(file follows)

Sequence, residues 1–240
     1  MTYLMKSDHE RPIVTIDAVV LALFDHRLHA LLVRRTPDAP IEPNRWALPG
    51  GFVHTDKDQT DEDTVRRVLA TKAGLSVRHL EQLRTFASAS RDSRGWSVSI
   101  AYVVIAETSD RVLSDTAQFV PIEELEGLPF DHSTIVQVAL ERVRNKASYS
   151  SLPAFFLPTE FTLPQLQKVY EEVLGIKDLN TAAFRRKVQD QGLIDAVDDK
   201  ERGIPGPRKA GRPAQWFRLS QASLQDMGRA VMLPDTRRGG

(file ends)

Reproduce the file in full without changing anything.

Sequence, residues 1–240
     1  MTYLMKSDHE RPIVTIDAVV LALFDHRLHA LLVRRTPDAP IEPNRWALPG
    51  GFVHTDKDQT DEDTVRRVLA TKAGLSVRHL EQLRTFASAS RDSRGWSVSI
   101  AYVVIAETSD RVLSDTAQFV PIEELEGLPF DHSTIVQVAL ERVRNKASYS
   151  SLPAFFLPTE FTLPQLQKVY EEVLGIKDLN TAAFRRKVQD QGLIDAVDDK
   201  ERGIPGPRKA GRPAQWFRLS QASLQDMGRA VMLPDTRRGG